Thoughts about the proposed TUSD Multicultural Curriculum


by David Safier

Drafts of the proposed curriculum for TUSD's new multicultural courses for high schools have been released, covering courses for grades 9, 11 and 12. You can find links to the 11 draft documents on Three Sonorans.

This is complex, controversial material which I haven't looked at in the depth it deserves or discussed with others, so what you'll read here are preliminary thoughts. I reserve my Emersonian right ("A foolish consistency is the hobgoblin of little minds, adored by little statesmen and philosophers and divines") to change my mind on any of these issues without notice.

My sense is, the curricula for the 11 courses — or at least 10 of the 11 courses — are good starting points for teachers. They combine prescriptive elements — topics to be covered and objectives to be met — with lots of examples of ways teachers can achieve the curricula's goals. Teachers for any of these courses have lots of latitude in the materials and approaches they use within the general guidelines. It's easy to overlook the teachers' latitude because most of the "Explanations and Examples" under each broad subject heading begin with the phrase, "Students will." People who aren't familiar with school jargon might mistakenly think that's a mandate that teachers must have students perform all the tasks on the list. In fact, the "Students will" phrasing is one I began seeing in the 1970's under the heading of "behavioral objectives." The purpose is to describe what students will do and what they will learn rather than stating a lofty, abstract goal. Each of the examples says to teachers, "Here's what the students will do if you choose to use this approach." No teacher could possibly go through the whole cafeteria menu of "Students will" examples for each course, nor would anyone want to.

I also don't get the sense that teachers are limited to teaching only the items mentioned in the curricula. Since all the courses are to be taught from a multicultural viewpoint or from a Mexican-American or African-American viewpoint (the U.S. History and U.S. Government courses have 3 separate curricula, one for each viewpoint), those are the aspects of the courses that are emphasized in the curricula. It's safe to assume a social studies teacher knows how to teach a standard U.S. History or Government course, so these curricula give teachers guidelines for infusing the courses with a specific viewpoint. If there's any question, the State Standards and the Common Core Standards are listed side-by-side with the Explanations and Examples.

I see two problems in the curricula. One is the choice of politically charged language to describe some of the elements of the courses. When the people who wrote the curricula use terms like "subjugation," "oppression," "exploitation" and "wealthy elite," they're waving red flags in front of conservative bulls, begging them to charge. Not only that, they're giving ammunition to the enemies of multicultural education who can hold up these words and phrases and say to the general public, "See? They're communists who hate America!" I have no problem with the terms myself — they're clear and descriptive — but these curricula are written to be seen by the broader community and to be used by teachers of all TUSD students. The people writing the curricula need to step out of their linguistic comfort zones and use language which expresses similar ideas in less divisive terms.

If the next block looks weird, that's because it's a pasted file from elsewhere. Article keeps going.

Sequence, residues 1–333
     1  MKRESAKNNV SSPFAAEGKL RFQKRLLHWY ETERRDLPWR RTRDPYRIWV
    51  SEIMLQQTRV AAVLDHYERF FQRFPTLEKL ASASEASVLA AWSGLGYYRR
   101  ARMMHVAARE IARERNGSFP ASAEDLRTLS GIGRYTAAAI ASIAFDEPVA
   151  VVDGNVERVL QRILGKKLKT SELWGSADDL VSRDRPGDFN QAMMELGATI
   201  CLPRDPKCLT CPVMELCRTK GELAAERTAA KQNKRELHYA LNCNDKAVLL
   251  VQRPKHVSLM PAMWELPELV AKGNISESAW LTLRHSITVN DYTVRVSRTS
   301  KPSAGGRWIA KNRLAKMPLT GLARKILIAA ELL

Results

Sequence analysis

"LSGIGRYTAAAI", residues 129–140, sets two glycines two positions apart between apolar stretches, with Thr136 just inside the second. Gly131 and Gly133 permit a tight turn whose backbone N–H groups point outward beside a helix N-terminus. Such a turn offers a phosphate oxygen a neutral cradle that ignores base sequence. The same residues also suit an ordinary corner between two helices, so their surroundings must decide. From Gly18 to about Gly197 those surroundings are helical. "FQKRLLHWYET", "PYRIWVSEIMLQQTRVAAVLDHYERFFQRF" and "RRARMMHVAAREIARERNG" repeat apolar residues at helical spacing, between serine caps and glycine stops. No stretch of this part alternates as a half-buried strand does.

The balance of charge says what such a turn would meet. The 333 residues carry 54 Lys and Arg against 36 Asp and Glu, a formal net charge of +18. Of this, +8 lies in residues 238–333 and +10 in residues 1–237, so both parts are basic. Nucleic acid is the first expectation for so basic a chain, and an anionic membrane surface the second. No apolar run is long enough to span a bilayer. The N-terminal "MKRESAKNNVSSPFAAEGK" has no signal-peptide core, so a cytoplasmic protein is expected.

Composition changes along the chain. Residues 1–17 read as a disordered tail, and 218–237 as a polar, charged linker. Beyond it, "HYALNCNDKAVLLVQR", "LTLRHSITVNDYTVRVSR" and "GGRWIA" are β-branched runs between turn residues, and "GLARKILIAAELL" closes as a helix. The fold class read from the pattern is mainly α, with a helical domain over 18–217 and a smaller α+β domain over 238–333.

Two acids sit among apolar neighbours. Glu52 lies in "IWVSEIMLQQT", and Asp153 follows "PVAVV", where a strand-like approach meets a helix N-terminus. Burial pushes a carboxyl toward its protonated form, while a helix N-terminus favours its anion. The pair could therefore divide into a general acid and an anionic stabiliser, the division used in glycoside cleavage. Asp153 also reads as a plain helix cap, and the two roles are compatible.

My second problem is with the curriculum for the 9th grade, semester long course, "Culture, Identity and Transformation — A Culturally Relevant Viewpoint," which is required for all freshmen. The course has a lofty goal, which is to make students more aware of the variety of cultural influences which have shaped who they are and, by extension, to understand that others might be shaped by other cultural influences. The hope, I think, is that this understanding will help students use their self-knowledge to reach higher and achieve more in their schooling and their lives than they might otherwise. I applaud the concept, but when a teacher reads through the curriculum for specific activities or texts, there's no there there. It's all concepts. Maybe that's because the course hasn't been fleshed out. But even with more meat added to the curriculum, the course will only be successful with a teacher who has a substantial understanding of psychology, sociology and anthropology. If a school can handpick a few teachers who have the sensitivity and expertise to pull off this curriculum, it could be a terrific course, but if people without the necessary background teach the course, it could be at best a waste of students' time, or at worst a disaster.

Overall, the draft curricula have far more positives than negatives to them. No doubt there are going to be some major battles fought over their content and language from the right and the left. I wouldn't be surprised to see Huppenthal use them as centerpieces for his "Beware the Brown Hordes!" campaign for Ed Supe. What comes out of the fireworks is anyone's guess.